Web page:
View a dance classic on the big screen and discover the history of our Christmas dinners – these are just two of our picks of cultural happenings for this month
YOUR FAVOURITE NATIONAL GALLERY ARTWORK
30 Oct 2023
WHICH ARTWORK IN THE NATIONAL GALLERY'S COLLECTION HAS A SPECIAL MEANING TO YOU?
The National Gallery in London houses one of the greatest collections of paintings in the world. Those artworks belong to the public and are free for us to view. In 2024 the gallery will be marking its 200th anniversary with a nationwide year-long festival, celebrating art, creativity and imagination.
We aim to mark this moment with coverage in the spring issue of The Arts Society Magazine. Within our feature we’d love to know which of the artworks in the collection has a special meaning to you and why that is so.
Gallery 36 following a rehang © The National Gallery, London
Banner image: Front of the National Gallery © The National Gallery, London
Here are some examples to inspire you:
A WOMAN BY ROBERT CAMPIN
Voted for by Pat Wood, Member of The Arts Society Chiswick and The Arts Society Westminster
"This portrait is in Room 28 of the National Gallery... where people flock to see the Arnolfini Portrait by Jan van Eyck. If you turn to your right, there is this lovely portrait of a young woman, probably just married to the man next to her. It is so beautifully painted you can almost hear her breathing. Amazing skin and eyes, and the folds of her linen headwear are perfect. Her expression is one of submission, but inner strength and optimism. How amazing it must be to be able to paint like this!"
THE bASIN OF SAN MARCO ON ASCENSION DAY BY CANALETTO
Voted for by Chris Dye, Chair of The Arts Society Eastbourne
"When I was about eight years old, my parents had a framed poster of this picture on the wall. I was fascinated by the detail and splendour of it and was desperate to go to Venice from that age. My parents finally took me when I was 15 and although I was a little disappointed that there was not an array of golden barges on the canal, the site was still breathtaking. It shows me how even from such an early age, art can have an impact and determine your aims and aspirations for the future. Although this is now not my favourite type of art, the detail and colours still fascinate me and the memories of that poster on the wall remain vivid."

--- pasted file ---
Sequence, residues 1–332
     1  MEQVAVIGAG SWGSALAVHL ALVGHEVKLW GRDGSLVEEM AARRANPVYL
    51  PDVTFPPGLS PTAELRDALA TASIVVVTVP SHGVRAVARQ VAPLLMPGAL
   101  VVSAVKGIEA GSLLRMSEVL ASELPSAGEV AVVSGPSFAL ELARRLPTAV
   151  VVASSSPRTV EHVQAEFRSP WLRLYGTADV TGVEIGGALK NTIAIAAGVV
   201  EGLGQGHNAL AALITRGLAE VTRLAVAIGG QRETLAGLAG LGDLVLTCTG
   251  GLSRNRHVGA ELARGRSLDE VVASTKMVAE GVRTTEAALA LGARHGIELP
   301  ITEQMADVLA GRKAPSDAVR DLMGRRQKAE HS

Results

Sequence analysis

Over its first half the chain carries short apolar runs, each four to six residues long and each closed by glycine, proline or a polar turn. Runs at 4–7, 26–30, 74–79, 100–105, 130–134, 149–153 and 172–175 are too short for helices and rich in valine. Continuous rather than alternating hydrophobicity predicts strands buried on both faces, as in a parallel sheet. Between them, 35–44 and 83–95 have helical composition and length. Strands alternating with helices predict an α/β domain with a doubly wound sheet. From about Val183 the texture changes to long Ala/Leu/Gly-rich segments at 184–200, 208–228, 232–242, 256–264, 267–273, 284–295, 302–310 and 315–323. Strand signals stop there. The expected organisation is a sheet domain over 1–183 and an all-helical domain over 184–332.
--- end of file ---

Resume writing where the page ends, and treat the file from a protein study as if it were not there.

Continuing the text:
THE WILTON DIPTYCH
Voted for by Maggie Keeble, Chair of The Arts Society Worcester
"Every time I go to the National Gallery, I take a moment to say hello to my favourite painting, The Wilton Diptych. This jewel of an object is a portable two winged panel painting from the 1390s. It is a contemporary depiction of King Richard II with three figures behind him, facing in the opposite panel, the Virgin Mary holding Christ child and a host of angels clothed in the brightest of blues.
Whilst many of the paintings in the National Gallery are large, imposing and meant for public display in a church, palace or weathly home, this has a more personal feel and as it is kept on a glass case it can be closely inspected. Reading the symbolism, this reveals exquisite details in the clothing, jewellery and plants which together with the recognisable figures tells an interesting tale of Richard's family."
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